Samsung Semiconductor is among the world’s biggest semiconductor chip brands. Apart from designing and manufacturing its own chips, the company also makes chips for other brands such as Google, IBM, Nvidia, and Qualcomm. To fabricate those complicated chips, the South Korean firm has multiple state-of-the-art chip factories around the world, including in China, South Korea, and the US. Ever wondered how big they are and how they look?
Well, the company has published a couple of videos that show its semiconductor chip campuses across South Korea through a bird’s eye view. The videos were shot using drones, and they give you an idea of the massive scale at which Samsung operates.
The first video takes us through five Samsung semiconductor campuses: Hwaseong Campus, Giheung Campus, Pyeongtaek Campus, Onyang Campus, and Cheonan Campus. The Hwaseong Campus is the home to Samsung’s chip R&D and manufacturing facilities. There’s an iconic A-shaped bridge that connects two buildings and signifies the collaboration between various teams. It also has three high-rise DSR towers that have 29 floors above the ground and four floors underground. Over 15,000 employees work here.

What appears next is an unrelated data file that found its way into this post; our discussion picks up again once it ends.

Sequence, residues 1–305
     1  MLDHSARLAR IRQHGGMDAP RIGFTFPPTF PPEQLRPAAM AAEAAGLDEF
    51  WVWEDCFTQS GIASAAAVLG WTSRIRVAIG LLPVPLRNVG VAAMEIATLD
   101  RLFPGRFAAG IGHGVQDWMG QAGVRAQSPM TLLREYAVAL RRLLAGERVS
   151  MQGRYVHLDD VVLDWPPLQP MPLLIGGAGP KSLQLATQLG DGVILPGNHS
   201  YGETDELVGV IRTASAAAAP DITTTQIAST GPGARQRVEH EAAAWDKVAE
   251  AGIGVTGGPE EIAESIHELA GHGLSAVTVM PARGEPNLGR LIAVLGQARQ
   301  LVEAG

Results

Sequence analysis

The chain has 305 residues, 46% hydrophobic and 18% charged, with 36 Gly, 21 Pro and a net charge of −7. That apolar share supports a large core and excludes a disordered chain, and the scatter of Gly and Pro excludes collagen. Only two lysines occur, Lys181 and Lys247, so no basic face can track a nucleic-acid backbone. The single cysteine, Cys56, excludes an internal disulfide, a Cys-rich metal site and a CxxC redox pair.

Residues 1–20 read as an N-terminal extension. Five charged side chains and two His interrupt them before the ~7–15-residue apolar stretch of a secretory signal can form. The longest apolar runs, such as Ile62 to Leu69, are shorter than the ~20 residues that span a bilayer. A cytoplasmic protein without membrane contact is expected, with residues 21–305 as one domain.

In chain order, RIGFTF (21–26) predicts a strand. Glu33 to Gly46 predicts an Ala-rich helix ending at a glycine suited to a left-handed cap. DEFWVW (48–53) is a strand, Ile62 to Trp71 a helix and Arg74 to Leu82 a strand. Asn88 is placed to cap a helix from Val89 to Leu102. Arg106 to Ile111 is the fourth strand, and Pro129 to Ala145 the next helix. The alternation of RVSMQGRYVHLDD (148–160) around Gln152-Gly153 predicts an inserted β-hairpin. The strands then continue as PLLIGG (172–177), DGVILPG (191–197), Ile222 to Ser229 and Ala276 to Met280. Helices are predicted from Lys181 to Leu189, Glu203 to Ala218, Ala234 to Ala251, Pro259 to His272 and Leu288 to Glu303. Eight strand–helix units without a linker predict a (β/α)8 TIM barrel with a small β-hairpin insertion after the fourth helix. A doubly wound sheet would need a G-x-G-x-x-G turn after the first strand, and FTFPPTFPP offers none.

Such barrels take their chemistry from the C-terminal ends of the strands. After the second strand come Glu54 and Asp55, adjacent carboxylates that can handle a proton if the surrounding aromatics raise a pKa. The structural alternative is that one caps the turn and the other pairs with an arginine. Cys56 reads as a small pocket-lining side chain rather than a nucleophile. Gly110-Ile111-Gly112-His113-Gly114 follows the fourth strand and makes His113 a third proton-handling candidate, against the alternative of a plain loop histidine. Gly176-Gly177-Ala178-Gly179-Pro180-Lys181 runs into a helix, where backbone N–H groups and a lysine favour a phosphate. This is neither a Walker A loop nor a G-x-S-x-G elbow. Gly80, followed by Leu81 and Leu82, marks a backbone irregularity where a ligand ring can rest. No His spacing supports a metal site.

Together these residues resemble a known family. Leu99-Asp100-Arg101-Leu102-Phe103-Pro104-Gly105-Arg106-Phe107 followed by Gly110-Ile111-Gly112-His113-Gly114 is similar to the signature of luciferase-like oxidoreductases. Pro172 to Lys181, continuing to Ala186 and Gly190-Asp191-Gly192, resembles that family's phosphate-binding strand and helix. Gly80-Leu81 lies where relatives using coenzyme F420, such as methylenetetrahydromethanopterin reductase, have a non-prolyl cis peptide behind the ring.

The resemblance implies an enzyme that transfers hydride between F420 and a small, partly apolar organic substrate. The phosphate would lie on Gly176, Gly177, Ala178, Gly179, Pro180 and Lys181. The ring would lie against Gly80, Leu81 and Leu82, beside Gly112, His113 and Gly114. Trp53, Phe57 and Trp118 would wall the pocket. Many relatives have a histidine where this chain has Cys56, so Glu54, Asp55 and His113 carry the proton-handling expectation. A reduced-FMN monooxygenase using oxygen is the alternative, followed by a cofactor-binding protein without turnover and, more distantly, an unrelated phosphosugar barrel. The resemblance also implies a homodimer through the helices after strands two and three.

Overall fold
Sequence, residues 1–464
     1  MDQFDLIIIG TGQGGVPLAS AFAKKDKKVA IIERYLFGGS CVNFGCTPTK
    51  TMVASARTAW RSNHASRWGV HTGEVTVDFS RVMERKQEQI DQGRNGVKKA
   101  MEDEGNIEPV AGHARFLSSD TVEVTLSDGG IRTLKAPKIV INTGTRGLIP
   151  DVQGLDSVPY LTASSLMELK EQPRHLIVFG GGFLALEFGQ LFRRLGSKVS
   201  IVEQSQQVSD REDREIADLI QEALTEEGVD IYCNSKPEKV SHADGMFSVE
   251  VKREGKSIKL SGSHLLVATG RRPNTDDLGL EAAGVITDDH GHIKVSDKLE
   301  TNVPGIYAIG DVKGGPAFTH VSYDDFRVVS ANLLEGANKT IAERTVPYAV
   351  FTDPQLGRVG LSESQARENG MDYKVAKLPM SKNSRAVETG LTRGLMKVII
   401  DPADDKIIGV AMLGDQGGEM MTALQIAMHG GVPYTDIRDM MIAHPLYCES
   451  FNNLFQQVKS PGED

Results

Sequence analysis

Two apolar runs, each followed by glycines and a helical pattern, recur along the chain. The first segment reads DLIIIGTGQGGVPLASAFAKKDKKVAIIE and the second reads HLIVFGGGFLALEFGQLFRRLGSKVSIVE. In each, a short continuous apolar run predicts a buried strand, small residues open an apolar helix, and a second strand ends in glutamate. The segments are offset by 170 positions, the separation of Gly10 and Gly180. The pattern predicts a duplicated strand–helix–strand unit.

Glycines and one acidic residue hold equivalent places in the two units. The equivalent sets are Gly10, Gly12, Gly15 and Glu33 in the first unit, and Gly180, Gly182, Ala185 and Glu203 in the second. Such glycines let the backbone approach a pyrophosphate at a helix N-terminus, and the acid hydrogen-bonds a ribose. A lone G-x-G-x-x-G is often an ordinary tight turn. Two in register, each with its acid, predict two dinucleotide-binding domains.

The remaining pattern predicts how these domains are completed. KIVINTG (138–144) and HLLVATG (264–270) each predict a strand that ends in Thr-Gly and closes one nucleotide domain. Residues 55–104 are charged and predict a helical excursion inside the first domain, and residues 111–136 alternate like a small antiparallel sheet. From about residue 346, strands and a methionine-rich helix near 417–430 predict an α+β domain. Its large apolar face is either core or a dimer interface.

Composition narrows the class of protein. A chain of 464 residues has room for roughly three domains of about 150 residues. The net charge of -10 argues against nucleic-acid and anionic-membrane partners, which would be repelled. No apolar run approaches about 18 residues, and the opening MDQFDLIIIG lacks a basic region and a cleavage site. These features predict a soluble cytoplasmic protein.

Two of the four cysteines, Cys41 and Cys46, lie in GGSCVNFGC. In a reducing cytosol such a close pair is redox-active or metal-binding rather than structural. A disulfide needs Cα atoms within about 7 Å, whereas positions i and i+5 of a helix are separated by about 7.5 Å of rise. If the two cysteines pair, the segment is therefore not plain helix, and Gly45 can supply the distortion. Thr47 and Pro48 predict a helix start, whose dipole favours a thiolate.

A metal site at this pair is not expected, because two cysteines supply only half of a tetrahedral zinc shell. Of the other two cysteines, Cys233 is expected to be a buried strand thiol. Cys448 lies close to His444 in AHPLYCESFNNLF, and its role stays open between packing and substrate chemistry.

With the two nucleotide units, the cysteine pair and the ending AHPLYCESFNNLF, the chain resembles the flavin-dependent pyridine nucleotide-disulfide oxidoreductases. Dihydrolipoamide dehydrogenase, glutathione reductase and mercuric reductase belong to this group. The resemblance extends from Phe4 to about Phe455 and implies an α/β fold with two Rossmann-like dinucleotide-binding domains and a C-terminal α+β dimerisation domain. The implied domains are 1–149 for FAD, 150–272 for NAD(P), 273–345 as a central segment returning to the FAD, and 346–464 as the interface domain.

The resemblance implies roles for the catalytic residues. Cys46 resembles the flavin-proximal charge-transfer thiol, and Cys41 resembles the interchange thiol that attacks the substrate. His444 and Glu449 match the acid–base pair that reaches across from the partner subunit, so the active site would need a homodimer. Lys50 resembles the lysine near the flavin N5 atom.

The Gihueng Campus is where Samsung Electronics first started making chips. The company successfully developed 64kb DRAM in 1983, six months after its VLSI (Very Large-Scale Integration) business was established. It consists of Line 1, Samsung’s first memory chip fabrication line. The Pyeongtaek Campus is the world’s biggest semiconductor manufacturing complex. This is where chips are made using the cutting-edge EUV process. We can see that the company is actively expanding its campus and the construction work is ongoing.
The Onyang Campus is situated in the hills and is responsible for the final stage of semiconductor manufacturing. It covers the development of semiconductor packaging, production, testing, and shipping of the end product. It is surrounded by lush green fields and hills. The Cheonan Campus is the future of chips where next-generation packaging technology is developed.
The second video footage is shot using a racing drone, complete with impressive feats in the air. We can see that all campuses shown in these videos have large buildings, big parks, and wide roads.